Understanding Tooth Decay | Martin Urban DDS
Tooth decay is one of the most common oral health problems in children and adults. Tooth decay is a disease that forms when harmful bacteria in your mouth mix with the food particles left on your teeth after eating. Bacteria convert sugars to acid, which can eat through tooth enamel if not removed quickly enough. The process of tooth decay occurs over time and usually starts around age three or four.
Types of Dental Caries
There are three types of dental caries. They are pit and fissure, smooth surface, and complex.
Pit & Fissure Caries
Pit and fissure caries is a cavity that forms on the biting surfaces of your teeth (front teeth) where two tooth surfaces meet together in a bottomless pit or fissure. The high acid content of plaque is responsible for pit and fissure caries.
Smooth Surface Caries
Smooth surface caries affect the back teeth with a flat top with no deep pits or grooves on their chewing surfaces, such as molars. Over time, smooth surface tooth decay can develop from not brushing or cleaning your teeth properly.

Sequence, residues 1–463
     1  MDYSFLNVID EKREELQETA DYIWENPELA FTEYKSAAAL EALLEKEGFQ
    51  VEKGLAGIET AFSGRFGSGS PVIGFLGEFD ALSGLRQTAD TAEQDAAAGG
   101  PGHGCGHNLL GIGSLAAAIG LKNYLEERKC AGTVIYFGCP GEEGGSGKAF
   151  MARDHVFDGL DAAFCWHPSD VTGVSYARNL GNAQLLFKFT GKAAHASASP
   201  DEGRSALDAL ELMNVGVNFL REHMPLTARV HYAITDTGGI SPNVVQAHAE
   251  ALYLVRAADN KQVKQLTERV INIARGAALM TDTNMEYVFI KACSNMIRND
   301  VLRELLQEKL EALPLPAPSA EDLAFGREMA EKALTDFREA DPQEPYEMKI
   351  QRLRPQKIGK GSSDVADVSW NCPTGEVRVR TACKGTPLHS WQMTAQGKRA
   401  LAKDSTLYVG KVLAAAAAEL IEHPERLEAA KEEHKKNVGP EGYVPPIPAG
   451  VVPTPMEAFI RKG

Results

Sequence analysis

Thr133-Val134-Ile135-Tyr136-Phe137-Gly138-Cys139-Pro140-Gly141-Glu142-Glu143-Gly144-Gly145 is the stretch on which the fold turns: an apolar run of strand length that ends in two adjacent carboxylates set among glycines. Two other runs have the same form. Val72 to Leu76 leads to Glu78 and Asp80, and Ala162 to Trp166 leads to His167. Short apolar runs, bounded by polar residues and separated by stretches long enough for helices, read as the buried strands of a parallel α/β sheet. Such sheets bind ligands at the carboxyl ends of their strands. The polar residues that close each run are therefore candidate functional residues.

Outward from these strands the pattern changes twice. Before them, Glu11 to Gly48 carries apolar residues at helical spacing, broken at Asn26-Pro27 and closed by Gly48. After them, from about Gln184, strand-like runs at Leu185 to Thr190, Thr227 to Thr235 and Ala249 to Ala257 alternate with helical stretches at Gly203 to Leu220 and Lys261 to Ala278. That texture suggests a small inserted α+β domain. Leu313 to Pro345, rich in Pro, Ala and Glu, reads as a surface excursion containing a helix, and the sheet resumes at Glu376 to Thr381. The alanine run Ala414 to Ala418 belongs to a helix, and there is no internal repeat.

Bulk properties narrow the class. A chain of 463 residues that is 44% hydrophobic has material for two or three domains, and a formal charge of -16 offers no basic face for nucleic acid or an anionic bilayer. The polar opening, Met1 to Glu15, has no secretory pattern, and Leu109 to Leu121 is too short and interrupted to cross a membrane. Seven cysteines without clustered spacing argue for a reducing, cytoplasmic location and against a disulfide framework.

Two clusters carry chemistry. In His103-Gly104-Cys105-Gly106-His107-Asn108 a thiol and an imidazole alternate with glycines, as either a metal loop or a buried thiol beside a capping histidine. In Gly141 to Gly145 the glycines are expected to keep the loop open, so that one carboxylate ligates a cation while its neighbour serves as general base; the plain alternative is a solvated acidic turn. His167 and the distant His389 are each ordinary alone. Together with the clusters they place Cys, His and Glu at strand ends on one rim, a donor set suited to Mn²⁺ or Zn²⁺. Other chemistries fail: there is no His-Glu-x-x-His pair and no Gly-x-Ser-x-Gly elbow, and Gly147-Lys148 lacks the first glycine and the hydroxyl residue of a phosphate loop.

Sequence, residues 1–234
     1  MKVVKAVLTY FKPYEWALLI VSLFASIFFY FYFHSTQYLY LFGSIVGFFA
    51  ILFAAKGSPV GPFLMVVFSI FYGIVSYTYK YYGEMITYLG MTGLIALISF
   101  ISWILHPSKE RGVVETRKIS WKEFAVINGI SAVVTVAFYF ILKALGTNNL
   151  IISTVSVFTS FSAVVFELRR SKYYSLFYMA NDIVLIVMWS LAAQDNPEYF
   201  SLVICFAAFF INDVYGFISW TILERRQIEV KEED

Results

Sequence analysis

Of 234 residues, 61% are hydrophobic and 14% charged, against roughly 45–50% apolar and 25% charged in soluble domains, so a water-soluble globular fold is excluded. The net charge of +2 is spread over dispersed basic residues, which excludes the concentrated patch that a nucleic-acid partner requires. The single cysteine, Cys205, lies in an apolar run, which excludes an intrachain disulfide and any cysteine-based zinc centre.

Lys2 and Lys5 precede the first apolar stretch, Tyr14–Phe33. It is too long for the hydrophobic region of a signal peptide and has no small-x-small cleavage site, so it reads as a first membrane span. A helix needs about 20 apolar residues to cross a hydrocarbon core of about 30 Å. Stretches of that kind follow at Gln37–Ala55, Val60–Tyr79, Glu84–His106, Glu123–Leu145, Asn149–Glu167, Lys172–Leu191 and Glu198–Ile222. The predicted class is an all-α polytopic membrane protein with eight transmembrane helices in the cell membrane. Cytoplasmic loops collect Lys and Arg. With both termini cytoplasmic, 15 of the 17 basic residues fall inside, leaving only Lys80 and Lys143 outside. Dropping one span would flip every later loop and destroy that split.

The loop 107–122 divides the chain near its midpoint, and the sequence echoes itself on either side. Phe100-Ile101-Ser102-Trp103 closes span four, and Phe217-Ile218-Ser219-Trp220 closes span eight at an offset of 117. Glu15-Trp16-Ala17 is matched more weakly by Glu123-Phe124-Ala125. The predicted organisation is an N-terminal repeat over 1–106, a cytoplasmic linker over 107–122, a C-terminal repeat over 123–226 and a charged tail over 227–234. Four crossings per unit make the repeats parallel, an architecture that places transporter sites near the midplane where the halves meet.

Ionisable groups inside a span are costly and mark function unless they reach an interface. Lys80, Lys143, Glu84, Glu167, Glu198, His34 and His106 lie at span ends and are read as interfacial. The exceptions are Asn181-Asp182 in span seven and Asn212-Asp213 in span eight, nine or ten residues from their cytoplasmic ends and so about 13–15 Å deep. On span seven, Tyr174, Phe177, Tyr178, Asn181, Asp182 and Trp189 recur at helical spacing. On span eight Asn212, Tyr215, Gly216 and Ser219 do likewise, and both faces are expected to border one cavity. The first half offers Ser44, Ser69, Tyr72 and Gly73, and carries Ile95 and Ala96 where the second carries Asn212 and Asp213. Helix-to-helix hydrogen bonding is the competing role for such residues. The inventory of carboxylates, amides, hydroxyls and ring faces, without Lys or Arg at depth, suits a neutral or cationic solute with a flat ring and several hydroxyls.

Complex caries are a cavity that forms on the chewing surfaces of back or front teeth where deep grooves are located in the tooth’s surface. There are many small pits and fissures, making them more challenging to clean than other cavities. This type of decay usually happens when someone eats excessive amounts of carbohydrates, such as candy.
Prevention Tips for Tooth Decay
Brushing and flossing
Brushing your teeth at least twice a day is vital for removing food particles, plaque, and bacteria that can lead to decay. Flossing daily will also help remove any leftover debris in between the tight spaces of your teeth.
Fluoride helps strengthen tooth enamel by replacing the lost minerals due to acid wear. It also helps protect your teeth from decay by blocking bacteria’s ability to produce acid and dissolve tooth enamel.
Visit a dentist regularly
A dental checkup can help catch early signs of cavities or other problems between regular cleanings so they can be treated sooner rather than later.
Making wise food choices: You can prevent cavities by limiting the sugary foods and drinks you eat. The bacteria in plaque use sugars to produce acids that cause decay, so avoiding them will help ensure your teeth stay healthy.